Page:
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Santa Monica Real Estate Company, Roque and Mark
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Harding, Larmore
Kutcher & Kozal, LLP

Convention and Visitors Bureau Santa Monica

By Jonathan Friedman
Associate Editor

September 23, 2016 -- After being used as a dental office for nearly 25 years, the building on Lincoln Boulevard that once housed the Penguin Coffee Shop will soon become a restaurant again.

The Planning Commission on Wednesday approved a permit for a 24-hours Mel’s Drive-In at the location off Olympic Boulevard. Mel’s is a throwback California chain with seven locations that was made famous by the film "American Graffiti."

Picture of Penguin Coffee Shop
The Penguin Coffee Shop (Photo Courtesy of Santa Monica Librrary Image Archives )

Commission Chair Richard McKinnon said this was a great location for the restaurant, and it would reinvigorate the area.

"It's a pretty dreadful end of town at the moment," he said. "It's really not that interesting."

Approval of the project did not come without controversy. Commissioners Jason Parry and Jennifer Kennedy were concerned about noise coming from the proposed surface parking lot affecting nearby future residences.

Several residential and mixed-use projects are planned for the surrounding area, including a 100-unit development next door and one with 139 units across the street ("Another Step This Week in Transformation of Santa Monica's Lincoln Boulevard," September 20, 2016).

"It runs up against this tension we’re going to find time and time again as we are trying to use the downtown area to expand our housing supply, we’re going to run up against entertainment impacts and residential desires for quiet, peaceful enjoyment of their homes," Parry said.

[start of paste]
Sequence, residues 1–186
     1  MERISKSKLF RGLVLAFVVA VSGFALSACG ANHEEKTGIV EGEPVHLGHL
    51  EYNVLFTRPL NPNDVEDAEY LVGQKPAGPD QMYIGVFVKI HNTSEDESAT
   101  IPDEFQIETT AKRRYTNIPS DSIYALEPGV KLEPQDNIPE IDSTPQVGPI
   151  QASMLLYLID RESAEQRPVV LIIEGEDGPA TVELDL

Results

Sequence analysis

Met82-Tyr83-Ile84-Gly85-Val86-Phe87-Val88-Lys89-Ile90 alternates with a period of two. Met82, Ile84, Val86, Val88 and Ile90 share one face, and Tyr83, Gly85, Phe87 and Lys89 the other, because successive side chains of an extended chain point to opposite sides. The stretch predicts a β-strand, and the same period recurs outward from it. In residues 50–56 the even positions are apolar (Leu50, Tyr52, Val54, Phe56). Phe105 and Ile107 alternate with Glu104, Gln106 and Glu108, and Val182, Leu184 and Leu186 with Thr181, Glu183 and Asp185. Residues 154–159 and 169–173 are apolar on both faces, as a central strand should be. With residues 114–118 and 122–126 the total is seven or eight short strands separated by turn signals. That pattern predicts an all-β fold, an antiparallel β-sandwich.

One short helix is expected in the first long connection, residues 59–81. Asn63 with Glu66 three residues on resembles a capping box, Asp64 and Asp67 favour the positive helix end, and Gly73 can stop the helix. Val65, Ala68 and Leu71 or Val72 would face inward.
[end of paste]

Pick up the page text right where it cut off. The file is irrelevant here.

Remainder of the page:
The rest of the commission did not share their concern, rejecting proposals for the requirement of a security guard during late-night and early-morning hours on certain days as well as other measures.

Other commissioners said the existing noise ordinance would take care of any potential issues.

Mel’s will be able to serve alcohol from 6 a.m. to 1:30 a.m. There was some some opposition to that.

"I'm hardly a prude," Commissioner Leslie Lambert said. "Nor am I a non-drinker, but I think serving at 6 a.m. is a little excessive for serving alcohol."

Lambert proposed the start time be moved to 10 a.m. or later. But she did not have enough support for this shift. McKinnon said he expected it would be rare for people to be drinking that early anyhow.

"It's a hamburger restaurant and a coffee shop,” he said. "Serving alcohol at that time seems very surprising to me."

The existing freestanding pole and sign on the property featuring a billboard topped by a penguin will remain. The City designated that feature as a "meritorious sign" in 2000.

Commissioner Nina Fresco, a landmarks advocate, recommended the applicant pursue landmark status for the building, which would grant it protection.

She called the building, which was built in 1959 and designed by Armet Davis Architects, one of the "gold standards in Googie Santa Monica architecture."

Googie architecture has a futuristic Space Age look, experts say, that was popular in the 1950s and 1960s. Its name comes from a defunct West Hollywood coffee shop. Not always popular with the critics, it has popular appeal.

"Googie, with its extremes, metaphorical qualities and humor has always been hard to categorize,” the website Googie Architecture Online states.

The website adds, "This may have been partly why 'serious architects' had trouble taking it seriously while the masses seemed to love it. Googie architecture and design was art that told a story."

Fresco told a Mel’s Diner representative, “I would really strongly encourage you to look into [going through the Landmark designation process] and protect this building for the community."

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